In tandem with a recent new state law in Massachusetts mandating that all hospitals be using computerized physician order entry (CPOE) systems by 2012, Blue Cross Blue Shield of Massachusetts (BCBSMA) will similarly require all of its participating hospitals to use a computerized physician order entry (CPOE) system by 2012.

Currently, only 10 hospitals out of 72 in the state have implemented CPOE.  In an effort to get doctors to catch up, BCBSMA has revealed that as much as 10% of a hospital’s revenue from BCBS would be captured by hospital performance, with CPOE as the measurement tool.

Physicians use CPOE to enter every medical order, prescription, diagnostic test (including clinical laboratory tests) into a central database.  The CPOE initiative in Massachusetts grew out of the results of a study by the New England Healthcare Institute and the Massachusetts Technology Collaborative.  Researchers determined that 1 in every 10 patients admitted to 6 Massachusetts hospitals suffered serious and avoidable medication mistakes.  They also found that CPOE could cut the medication error rate. CPOE use would save community hospitals millions of dollars by shortening the length of stay for patients, decreasing error rates, and reducing unnecessary use of drugs and the ordering of inappropriate laboratory tests.

“We want to move away from reimbursing for quantity of volume and intensity, to paying for quality outcomes and efficiency,” said Robert Mandel, M.D., vice president of Health Care Services at BCBSMA.

One expert says that use of CPOEs will target the biggest problem at community hospitals: physicians.  “These are non-owned guys that may see patients at three different hospitals, “said Dave Garrets, President and CEO of Chicago-based HIMSS Analytics, “You don’t have a lot of authority over them.”  These physicians, rather than learn 3 different CPOE systems for 3 different hospitals, are likely to start admitting only to one hospital.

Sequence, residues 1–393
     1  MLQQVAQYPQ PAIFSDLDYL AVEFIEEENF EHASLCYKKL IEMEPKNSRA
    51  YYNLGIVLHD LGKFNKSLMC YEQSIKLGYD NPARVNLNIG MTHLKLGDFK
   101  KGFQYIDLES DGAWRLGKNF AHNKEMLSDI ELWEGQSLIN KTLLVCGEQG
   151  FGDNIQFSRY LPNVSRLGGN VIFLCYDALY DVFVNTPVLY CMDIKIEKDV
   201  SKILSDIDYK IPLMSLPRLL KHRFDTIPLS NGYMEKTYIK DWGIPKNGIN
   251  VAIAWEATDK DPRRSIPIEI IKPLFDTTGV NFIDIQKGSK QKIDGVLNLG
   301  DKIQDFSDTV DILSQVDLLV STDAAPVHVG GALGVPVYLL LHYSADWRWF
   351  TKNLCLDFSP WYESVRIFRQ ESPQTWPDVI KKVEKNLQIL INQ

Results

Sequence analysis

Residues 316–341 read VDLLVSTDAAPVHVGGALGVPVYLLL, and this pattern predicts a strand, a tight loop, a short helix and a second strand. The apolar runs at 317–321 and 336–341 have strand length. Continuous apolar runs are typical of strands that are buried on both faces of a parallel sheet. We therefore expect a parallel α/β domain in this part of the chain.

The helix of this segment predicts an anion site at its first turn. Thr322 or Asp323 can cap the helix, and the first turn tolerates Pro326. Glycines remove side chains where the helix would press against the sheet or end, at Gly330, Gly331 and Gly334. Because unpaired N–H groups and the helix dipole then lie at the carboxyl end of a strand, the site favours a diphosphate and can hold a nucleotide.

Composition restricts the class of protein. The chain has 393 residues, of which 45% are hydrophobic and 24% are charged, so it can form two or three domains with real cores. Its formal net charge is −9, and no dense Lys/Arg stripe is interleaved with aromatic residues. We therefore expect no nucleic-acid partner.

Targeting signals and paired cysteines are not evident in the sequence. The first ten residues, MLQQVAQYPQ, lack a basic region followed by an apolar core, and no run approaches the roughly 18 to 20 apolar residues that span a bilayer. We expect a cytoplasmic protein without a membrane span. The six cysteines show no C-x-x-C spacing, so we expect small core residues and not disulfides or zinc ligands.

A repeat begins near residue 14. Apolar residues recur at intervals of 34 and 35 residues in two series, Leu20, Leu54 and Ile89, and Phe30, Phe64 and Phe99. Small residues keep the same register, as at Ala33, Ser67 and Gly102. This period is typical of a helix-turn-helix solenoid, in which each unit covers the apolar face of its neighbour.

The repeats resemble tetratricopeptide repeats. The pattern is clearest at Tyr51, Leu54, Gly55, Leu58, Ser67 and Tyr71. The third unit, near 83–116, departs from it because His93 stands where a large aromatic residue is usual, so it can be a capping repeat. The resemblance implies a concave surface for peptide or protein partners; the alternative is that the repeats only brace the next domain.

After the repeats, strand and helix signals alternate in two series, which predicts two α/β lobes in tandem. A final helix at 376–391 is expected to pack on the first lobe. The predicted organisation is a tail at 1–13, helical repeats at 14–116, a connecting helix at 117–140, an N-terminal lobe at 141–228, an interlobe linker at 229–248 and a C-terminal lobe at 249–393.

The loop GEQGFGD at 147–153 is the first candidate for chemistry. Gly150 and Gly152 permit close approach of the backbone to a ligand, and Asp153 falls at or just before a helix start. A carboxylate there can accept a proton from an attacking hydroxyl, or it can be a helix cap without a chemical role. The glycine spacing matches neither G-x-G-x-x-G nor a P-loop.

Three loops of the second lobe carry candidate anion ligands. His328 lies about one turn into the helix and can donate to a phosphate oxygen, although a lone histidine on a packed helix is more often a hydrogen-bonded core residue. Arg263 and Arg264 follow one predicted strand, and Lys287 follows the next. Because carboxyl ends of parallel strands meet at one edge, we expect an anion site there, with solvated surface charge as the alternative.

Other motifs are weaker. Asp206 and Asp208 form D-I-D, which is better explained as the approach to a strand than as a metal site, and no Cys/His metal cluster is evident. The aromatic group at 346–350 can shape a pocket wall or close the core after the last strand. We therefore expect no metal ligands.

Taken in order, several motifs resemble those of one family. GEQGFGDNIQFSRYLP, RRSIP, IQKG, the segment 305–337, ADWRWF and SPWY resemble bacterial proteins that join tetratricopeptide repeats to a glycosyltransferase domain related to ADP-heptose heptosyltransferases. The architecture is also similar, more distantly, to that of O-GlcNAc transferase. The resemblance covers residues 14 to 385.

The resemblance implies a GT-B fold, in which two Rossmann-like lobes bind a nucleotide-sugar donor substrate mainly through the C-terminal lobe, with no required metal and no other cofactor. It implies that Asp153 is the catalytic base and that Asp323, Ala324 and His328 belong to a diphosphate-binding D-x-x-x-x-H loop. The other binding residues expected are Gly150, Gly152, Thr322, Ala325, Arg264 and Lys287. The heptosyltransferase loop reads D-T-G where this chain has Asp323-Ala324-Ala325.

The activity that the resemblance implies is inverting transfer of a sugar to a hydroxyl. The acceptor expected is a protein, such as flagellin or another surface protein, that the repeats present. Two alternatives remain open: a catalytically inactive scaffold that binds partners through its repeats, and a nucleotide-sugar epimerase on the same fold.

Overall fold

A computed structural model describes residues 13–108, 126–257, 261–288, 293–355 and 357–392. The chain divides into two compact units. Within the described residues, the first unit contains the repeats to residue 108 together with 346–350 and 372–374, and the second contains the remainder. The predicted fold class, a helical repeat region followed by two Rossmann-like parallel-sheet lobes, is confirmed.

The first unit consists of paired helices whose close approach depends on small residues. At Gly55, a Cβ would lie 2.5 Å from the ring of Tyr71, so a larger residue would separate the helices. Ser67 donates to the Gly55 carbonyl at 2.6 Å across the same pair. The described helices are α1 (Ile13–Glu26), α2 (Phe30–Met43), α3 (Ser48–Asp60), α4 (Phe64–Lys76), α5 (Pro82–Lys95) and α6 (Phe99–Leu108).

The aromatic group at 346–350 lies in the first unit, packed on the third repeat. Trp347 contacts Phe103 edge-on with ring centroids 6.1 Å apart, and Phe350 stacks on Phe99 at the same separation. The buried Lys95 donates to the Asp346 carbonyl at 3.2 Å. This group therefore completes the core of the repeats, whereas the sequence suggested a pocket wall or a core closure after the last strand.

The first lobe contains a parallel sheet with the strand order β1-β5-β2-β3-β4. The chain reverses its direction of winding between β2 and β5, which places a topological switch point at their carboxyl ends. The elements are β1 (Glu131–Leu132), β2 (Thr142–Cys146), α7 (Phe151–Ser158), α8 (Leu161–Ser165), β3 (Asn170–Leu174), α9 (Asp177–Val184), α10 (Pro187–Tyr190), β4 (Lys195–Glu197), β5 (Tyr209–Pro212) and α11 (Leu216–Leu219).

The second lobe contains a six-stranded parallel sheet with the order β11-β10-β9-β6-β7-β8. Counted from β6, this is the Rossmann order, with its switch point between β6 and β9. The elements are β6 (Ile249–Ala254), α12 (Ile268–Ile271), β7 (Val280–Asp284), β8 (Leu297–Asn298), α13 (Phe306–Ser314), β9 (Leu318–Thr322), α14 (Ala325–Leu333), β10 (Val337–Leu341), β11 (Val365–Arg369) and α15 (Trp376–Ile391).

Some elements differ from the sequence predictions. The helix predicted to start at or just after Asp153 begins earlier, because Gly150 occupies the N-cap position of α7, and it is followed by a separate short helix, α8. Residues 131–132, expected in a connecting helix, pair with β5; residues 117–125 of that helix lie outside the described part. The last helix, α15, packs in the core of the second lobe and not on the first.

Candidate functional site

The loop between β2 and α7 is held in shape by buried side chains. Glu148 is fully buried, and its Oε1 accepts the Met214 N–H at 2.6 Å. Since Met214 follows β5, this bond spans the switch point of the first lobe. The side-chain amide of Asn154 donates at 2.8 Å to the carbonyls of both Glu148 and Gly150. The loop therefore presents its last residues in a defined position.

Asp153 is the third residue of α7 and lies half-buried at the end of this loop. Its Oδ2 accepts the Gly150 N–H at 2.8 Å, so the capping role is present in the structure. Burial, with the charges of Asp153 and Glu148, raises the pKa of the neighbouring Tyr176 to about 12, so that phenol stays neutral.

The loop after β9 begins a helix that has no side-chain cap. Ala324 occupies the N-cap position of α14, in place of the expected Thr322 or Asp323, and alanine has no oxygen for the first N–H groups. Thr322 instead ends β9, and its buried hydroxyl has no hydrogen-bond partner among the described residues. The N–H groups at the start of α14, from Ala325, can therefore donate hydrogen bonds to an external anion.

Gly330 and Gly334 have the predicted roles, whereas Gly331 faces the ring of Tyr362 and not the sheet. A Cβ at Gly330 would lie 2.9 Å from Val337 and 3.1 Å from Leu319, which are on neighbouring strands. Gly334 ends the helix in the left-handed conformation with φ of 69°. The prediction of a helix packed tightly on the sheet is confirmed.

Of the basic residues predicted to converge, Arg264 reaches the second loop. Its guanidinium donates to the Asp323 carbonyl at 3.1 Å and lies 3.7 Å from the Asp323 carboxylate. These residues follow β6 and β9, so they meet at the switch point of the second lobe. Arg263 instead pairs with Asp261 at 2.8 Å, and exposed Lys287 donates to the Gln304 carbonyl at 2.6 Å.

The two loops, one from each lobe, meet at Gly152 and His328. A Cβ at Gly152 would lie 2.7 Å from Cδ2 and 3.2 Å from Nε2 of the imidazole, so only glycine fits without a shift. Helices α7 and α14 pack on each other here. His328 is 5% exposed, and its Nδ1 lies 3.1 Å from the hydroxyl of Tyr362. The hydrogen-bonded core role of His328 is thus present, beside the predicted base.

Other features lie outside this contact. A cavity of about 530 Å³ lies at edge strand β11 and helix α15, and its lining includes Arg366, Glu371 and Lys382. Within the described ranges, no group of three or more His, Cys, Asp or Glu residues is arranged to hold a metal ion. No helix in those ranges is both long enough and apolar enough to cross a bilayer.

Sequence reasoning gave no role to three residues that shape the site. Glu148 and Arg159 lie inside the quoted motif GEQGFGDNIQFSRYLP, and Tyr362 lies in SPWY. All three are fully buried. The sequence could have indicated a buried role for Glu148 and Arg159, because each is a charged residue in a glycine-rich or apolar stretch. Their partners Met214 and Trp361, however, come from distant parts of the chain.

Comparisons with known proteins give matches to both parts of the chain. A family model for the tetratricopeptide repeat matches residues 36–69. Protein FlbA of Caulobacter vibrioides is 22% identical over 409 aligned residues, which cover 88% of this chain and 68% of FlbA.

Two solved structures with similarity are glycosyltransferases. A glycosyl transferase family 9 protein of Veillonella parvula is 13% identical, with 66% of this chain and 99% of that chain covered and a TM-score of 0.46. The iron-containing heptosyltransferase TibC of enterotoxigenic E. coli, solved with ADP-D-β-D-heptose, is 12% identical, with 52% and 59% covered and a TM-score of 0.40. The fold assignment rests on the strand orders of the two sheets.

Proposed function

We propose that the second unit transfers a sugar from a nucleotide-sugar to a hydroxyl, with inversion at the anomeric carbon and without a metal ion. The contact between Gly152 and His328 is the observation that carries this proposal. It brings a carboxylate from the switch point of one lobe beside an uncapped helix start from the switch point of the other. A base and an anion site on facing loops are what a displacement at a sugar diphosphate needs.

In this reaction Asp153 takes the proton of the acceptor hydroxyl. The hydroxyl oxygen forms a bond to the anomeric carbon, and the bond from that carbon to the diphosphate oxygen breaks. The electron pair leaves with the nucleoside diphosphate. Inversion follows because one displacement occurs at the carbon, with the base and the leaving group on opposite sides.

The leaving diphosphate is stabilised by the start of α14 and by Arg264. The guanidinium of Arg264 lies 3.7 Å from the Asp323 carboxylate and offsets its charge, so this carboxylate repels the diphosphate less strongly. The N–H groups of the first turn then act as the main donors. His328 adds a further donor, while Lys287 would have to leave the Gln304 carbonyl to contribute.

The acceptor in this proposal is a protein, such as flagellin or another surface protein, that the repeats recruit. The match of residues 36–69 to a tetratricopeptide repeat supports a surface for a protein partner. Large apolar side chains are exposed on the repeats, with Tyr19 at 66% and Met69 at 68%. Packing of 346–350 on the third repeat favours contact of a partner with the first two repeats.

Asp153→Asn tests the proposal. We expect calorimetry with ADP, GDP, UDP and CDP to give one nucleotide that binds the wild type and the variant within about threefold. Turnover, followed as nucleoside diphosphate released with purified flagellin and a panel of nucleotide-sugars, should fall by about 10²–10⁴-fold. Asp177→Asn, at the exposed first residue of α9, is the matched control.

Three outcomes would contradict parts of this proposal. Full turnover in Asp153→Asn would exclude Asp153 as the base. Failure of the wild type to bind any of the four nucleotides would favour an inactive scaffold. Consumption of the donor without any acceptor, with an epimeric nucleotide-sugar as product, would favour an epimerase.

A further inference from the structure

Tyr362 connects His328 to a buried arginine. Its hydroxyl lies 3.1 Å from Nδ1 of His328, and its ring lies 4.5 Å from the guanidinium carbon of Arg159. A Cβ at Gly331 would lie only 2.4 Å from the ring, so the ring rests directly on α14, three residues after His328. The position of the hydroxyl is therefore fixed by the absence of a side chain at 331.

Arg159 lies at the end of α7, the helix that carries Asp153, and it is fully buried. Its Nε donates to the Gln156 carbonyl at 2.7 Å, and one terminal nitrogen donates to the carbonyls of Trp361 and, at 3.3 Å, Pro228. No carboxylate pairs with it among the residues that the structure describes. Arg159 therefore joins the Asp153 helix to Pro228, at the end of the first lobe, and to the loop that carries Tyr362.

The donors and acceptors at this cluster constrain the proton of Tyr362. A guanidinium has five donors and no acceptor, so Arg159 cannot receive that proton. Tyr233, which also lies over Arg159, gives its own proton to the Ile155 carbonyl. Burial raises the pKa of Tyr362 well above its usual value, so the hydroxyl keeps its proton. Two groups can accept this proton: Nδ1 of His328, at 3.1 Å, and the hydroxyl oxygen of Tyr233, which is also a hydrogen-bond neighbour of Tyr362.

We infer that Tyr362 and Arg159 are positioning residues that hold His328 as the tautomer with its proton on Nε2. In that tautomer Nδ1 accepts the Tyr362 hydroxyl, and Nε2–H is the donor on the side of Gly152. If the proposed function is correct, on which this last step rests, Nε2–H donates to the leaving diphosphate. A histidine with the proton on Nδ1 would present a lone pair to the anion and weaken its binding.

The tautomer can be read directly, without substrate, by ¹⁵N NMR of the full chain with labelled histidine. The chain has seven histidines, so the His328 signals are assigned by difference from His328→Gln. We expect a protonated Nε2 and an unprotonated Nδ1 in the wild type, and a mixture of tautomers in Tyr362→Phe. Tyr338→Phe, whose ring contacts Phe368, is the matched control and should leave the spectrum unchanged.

Massachusetts is “the state to watch” for CPOE usage according to Healthcare Informatics magazine.  The magazine predicts that if CPOE can work anywhere, it’s in Massachusetts.  CPOE usage is already double the U.S. average there, but one third of the hospitals surveyed in MA not only didn’t have CPOE, but they also had no plans to implement it.  The Dark Report issue of November 10, 2008 has an analysis of the Massachusetts law mandating hospitals use CPOE systems by 2012.

In Massachusetts, the CPO return on investment (ROI) time is projected to be 26 months.  The cost is between $2 million and $3 million to implement CPOE in a mid-size, 300-bed, community hospital.  70 percent of the hospitals in Massachusetts use Meditech.  This is largely because Meditech has agreed to work with the hospitals using the product to enhance it for their needs and is offering the systems at a low cost.  The fact that so many hospitals are using the same CPOE system makes learning it much easier for physicians.

The success of this CPOE mandate will be closely-watched by healthcare policymakers across the nation.  Should consistent use of CPOE by physicians in inpatient settings lead to significant increases in patient outcomes, then other states are likely to follow the example of Massachusetts.  That, in turn, may greatly influence laboratory test utilization.  CPOEs often have features which prompt the physician as to which laboratory test is most appropriate to order, given the patient’s current symptoms.  Reminding physicians as to the most appropriate test at the time of order has been demonstrated to reduce the number of unnecessary or wrong lab tests ordered by physicians.

The mandate by Massachusetts lawmakers, along with the related mandate by Blue Cross Blue Shield of Massachusetts, also demonstrates how integrated informatics systems will be used to reduce variability of care and improve the use of evidence-based medicine guidelines.  Laboratories should be tracking this trend and aligning their informatics capabilities to support these types of healthcare initiatives.